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Bridging the gap between the hospital and alternate-site care Volume 3 • Number 1 • Winter 2014 • specialtypharmacycontinuum.com

In This Issue Clinical

6

This issue’s IVIG FAQ column addresses use of IVIG for Alzheimer’s disease.

Results deemed ‘potentially life-saving’

Hep C Rates Slashed In Liver Transplant Pts

Opinion

13

Avella’s Eric Sredzinski, PharmD, describes specialty pharmacy’s role in addressing adherence.

Operations & Mgmt

16

Supporting pharma with adverse event reporting can be tricky.

Policy

ACOs and SPs Can Benefit via Shared Risk Partnerships

A

ccountable care organizations (ACOs)—the trending new delivery model in which care is coordinated to achieve both cost efficiencies and improved quality—offer a rich new field of possible partnership opportunities for specialty pharmacy, suggested experts participating in the first of a series of webinars on ACOs and specialty pharmacy cosponsored by Avalere Health, Armada Health Care and the Specialty Pharmacy Association of America (SPAARx). Whether they are part of the Centers for Medicare & Medicaid Services

21

Some newly credentialed specialty pharmacists share their views on certification.

22

Distribution networks announced for new cancer agents.

Educational Review Immune Globulins: Therapeutic, Pharmaceutical, Cost, and Administration Considerations See insert after page 24.

Corporate Spotlight Innovatix, LLC

See page 9.

see PARTNERSHIPS, page 18

Defining Standard Services Within Specialty Practice Washington—The outlook for patients with hepatitis C undergoing liver transplantation got a lot sunnier with the results of two studies presented at The Liver Meeting 2013. In one study, researchers showed that the combination of sofosbuvir (Sovaldi, Gilead Sciences) and ribavirin used prior to transplantation prevented recurrence of the hepatitis C virus (HCV) infection in 64% of patients. Used after transplantation, the regimen resulted in a sustained virologic response (SVR) rate of 77% four weeks after treatment completion. “These studies are both very dramatic,” said Adrian Di Bisceglie, MD, the president elect of the American Association for the Study of Liver Diseases, who was not involved with the studies. “They signal a potential dramatic change in our practice of medicine related to hepatitis C and liver transplant.” Sofosbuvir was approved to treat patients with HCV infection in December 2013, including patients with hepatocellular carcinoma awaiting liver transplantation to prevent HCV recurrence. Reinfection of a transplanted liver is inevitable in patients who have HCV RNA-positive serum at the time of transplantation. Recurrence of HCV infection is the most common cause of mortality and graft loss following liver transplantation. Between 10% and 50% of transplant patients with recurrent HCV infection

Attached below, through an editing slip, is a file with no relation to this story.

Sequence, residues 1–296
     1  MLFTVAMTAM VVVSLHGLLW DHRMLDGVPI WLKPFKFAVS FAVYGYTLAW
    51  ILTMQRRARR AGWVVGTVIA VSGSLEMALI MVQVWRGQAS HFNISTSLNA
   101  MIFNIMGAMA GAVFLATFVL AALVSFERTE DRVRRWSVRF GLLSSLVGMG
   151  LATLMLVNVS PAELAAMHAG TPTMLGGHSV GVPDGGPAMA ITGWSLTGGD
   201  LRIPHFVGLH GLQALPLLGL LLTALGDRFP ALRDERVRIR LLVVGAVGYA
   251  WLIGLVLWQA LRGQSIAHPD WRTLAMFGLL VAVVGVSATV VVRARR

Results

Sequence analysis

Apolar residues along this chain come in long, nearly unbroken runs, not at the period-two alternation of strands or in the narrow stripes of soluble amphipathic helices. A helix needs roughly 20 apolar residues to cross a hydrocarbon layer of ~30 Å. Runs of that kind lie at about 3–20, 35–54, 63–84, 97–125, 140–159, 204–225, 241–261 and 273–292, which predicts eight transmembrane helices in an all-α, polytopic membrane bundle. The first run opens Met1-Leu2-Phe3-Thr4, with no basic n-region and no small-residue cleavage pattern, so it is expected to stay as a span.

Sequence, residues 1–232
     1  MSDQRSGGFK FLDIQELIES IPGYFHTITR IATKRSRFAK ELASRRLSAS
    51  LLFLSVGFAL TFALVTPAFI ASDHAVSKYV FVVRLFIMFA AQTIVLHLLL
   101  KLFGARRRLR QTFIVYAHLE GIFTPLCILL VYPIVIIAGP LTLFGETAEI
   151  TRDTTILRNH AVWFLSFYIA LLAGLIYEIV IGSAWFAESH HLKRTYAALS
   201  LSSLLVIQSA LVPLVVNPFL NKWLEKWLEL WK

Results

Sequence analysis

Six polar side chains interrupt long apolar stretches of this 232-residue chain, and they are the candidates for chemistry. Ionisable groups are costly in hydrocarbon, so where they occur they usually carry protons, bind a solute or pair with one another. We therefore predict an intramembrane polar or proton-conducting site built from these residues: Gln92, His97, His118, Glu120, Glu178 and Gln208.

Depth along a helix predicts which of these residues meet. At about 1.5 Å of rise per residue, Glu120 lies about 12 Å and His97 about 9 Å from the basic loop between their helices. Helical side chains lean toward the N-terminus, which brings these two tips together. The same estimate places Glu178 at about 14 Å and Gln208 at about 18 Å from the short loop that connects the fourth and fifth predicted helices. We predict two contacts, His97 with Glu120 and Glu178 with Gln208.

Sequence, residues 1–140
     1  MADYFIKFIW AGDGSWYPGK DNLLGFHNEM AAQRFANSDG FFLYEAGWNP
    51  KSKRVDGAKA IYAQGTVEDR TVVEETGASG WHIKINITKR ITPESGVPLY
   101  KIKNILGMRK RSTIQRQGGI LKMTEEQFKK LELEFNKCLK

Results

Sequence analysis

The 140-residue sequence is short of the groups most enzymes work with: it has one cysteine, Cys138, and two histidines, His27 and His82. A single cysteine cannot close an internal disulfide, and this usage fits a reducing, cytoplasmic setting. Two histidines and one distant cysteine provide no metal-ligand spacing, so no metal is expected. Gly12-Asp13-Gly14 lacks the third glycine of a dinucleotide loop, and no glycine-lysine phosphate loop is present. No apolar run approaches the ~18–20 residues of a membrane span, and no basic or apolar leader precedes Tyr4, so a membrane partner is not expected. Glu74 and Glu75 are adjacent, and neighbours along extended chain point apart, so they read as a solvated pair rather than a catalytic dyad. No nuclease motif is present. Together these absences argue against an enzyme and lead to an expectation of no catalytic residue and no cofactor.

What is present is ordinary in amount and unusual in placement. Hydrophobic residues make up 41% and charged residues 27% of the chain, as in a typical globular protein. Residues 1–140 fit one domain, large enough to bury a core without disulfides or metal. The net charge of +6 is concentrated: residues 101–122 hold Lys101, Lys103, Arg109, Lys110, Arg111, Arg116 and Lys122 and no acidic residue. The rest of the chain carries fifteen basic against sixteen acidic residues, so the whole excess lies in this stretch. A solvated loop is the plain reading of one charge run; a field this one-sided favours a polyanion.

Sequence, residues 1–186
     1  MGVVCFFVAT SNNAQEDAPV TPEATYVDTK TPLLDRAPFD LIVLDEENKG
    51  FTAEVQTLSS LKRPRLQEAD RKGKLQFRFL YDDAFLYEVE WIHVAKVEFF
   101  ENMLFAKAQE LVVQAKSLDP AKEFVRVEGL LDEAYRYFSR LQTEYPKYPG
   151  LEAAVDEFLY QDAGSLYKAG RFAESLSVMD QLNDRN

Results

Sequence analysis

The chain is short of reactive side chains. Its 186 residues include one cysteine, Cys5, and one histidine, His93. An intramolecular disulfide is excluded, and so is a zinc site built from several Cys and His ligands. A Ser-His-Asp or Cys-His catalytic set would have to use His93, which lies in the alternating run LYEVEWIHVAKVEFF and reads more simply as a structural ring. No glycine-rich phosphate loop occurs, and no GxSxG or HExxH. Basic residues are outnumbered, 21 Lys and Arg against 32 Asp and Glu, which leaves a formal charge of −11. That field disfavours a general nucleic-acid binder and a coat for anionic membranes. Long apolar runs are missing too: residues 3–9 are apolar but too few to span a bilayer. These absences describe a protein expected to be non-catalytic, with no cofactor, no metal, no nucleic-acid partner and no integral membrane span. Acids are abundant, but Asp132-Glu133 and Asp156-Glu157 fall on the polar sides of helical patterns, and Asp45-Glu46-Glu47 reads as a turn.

Orlando, Fla.—Specialty pharmacists can find themselves in a challenging position between payors and manufacturers when it comes to defining services, according to a workshop discussion at the 2013 Therigy Specialty Pharmacy Leadership Congress. Many specialty pharmacies, for example, strive to promote a wide range of services they can offer payors to secure a contract. At the same time, these pharmacies face a considerable disincentive to appear all-encompassing to manufacturers. From a business standpoint, the concern is that manufacturers might resist paying an additional amount for services specialty

see LIVER TRANSPLANT, page 7

see BASIC SERVICES, page 19

FDA Watch GSK’s combination melanoma therapy approved.

Tretten approved for congenital factor VIII A-subunit.

See specialtypharmacy continuum.com

See specialtypharmacy continuum.com


CIDP, PIDD, and ITP In the treatment of CIDP, PIDD, and ITP...

SEIZE THE DATA, SEIZE THE DAY Proven efficacy in 3 FDA-approved indications1 CIDP

PIDD

ITP

Chronic inflammatory demyelinating polyneuropathy

Primary immunodeficiency disease

Idiopathic thrombocytopenic purpura

All immune globulin (IG) formulations are not the same. Consider your patient’s risk factors when choosing an IG therapy.

Product features1 No sugar

Close to physiologic osmolality

Low infusion volume

Only trace amounts of sodium

Optimal pH

Low IgA content